When Rice is Ready…
…lots of things come together easily and quickly. Number three up there has been a new habit of mine, and I rather enjoy it.
I’ve been testing out a Vitaclay Smart Cooker, which is a rice cooker and slow cooker in one, and it makes it really easy to make 3 or 4 cups of dry rice at a time (it can do up to 8, but I haven’t gone farther than 4 yet).
My new favorite kitchen tool is a rice cooker, slow cooker and “fast cooker” all in one. The Instant Pot can do all of that in one awesome gadget!
The point is that when I make 3 or 4 servings of rice, I end up ready for many of our meals throughout the week. I can do a quick stir fry or this fried rice side dish if I haven’t planned well, and I can plan all sorts of things that call for rice while I’m meal planning dinner, knowing that I won’t have to soak it the night before or be home an hour before dinner in order to get the brown rice started.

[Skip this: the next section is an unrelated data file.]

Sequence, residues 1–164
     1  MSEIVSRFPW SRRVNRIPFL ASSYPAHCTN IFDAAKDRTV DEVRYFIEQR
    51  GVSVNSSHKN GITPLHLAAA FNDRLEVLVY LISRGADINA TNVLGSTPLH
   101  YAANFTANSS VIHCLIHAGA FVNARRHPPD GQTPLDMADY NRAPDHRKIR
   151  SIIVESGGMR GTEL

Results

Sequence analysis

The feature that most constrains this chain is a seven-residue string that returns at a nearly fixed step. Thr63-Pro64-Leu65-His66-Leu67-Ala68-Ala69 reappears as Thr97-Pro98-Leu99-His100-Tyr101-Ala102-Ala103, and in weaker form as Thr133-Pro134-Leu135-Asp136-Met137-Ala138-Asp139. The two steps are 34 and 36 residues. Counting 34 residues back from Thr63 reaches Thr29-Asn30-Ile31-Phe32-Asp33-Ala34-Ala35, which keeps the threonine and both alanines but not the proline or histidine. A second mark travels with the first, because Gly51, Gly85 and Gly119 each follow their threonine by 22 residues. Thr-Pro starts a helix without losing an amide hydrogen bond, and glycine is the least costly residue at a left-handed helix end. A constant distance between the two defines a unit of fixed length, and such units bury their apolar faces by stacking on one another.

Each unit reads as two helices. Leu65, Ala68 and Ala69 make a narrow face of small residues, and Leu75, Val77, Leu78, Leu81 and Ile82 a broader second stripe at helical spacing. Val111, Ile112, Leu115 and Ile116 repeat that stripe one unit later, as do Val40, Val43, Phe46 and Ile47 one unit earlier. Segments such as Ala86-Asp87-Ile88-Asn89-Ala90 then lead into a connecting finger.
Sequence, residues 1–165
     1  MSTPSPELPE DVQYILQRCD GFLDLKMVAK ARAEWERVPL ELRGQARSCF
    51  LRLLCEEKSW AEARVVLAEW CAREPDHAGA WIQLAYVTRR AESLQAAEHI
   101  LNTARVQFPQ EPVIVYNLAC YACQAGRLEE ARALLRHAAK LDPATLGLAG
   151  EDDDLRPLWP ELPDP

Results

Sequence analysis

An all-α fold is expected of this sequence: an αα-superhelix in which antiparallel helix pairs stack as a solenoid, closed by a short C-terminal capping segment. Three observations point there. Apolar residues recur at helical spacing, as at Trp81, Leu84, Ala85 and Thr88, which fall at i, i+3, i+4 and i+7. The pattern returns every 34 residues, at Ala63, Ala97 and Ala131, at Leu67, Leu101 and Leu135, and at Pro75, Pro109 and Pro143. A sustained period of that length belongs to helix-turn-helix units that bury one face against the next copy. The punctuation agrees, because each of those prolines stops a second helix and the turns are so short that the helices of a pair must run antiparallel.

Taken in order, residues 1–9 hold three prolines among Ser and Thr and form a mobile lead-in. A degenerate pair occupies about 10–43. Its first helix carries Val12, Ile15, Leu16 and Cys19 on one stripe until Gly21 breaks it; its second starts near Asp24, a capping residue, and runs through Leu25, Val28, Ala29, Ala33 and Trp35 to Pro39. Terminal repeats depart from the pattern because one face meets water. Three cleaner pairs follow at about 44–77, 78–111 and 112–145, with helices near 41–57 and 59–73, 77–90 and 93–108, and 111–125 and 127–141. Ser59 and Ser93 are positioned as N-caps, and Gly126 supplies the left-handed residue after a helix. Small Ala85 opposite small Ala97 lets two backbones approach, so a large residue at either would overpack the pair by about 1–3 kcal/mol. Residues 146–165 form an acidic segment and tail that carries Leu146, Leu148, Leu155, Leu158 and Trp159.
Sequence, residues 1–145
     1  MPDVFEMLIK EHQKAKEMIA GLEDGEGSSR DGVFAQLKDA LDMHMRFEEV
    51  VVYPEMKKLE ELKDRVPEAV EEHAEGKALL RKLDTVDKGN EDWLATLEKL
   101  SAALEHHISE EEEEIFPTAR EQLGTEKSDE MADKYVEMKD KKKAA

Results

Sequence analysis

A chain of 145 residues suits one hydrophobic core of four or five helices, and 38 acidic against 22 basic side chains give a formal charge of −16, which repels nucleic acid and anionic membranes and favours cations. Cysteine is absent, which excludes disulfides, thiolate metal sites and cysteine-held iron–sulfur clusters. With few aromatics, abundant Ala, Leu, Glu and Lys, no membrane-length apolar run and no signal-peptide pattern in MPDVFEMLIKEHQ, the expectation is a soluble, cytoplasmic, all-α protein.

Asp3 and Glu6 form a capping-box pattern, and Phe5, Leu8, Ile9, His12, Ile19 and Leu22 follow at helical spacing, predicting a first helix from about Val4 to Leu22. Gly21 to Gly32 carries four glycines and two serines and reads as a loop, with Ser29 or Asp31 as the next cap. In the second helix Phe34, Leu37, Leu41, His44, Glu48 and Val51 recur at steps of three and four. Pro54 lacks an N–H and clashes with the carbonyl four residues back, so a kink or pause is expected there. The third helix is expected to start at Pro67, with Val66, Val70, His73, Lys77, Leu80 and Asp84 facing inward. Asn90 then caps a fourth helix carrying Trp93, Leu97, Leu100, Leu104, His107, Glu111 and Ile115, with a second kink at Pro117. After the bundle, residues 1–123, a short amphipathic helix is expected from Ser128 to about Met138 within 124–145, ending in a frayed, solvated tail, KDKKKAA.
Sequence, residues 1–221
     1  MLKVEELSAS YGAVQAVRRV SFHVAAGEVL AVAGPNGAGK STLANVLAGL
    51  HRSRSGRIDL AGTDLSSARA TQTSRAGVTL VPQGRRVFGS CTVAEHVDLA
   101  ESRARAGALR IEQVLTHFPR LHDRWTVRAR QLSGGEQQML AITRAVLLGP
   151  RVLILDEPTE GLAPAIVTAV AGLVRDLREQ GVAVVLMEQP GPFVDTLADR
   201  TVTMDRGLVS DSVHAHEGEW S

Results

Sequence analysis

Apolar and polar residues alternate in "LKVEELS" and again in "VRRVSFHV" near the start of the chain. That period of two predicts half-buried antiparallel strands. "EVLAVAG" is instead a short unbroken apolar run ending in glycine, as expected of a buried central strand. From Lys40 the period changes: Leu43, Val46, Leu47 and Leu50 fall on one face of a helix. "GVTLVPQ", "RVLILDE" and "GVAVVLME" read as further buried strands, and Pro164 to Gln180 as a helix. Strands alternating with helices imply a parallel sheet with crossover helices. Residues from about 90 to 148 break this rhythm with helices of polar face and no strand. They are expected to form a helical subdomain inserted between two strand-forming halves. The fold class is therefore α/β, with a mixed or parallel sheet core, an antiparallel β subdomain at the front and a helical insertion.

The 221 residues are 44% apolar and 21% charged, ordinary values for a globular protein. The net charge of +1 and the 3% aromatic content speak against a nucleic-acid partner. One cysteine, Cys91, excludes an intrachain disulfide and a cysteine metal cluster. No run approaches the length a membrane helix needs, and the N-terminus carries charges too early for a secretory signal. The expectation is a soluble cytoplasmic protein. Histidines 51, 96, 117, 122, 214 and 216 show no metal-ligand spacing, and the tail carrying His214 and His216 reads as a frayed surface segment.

I haven’t done it yet, but I could even make a quick rice pudding dessert or rice-based porridge for breakfast. I always think I make more than we’ll really need, but then I rarely even end up with any to freeze.
My next goal is to branch out to other grains: I need to convince my husband to give quinoa a chance, and I might try spelt and see if the gluten content is tolerable for my husband, who also doesn’t like the texture of little grains like millet, sadly. Any other whole grain ideas for me that are versatile enough to use like rice? I should check the KS group at Plan to Eat – have you seen that there are over 60,000 recipes to tap into there? If you’ve been avoiding trying PTE because you don’t want to input all your recipes, you can at least give it a try with the 30-day trial and all these new recipes.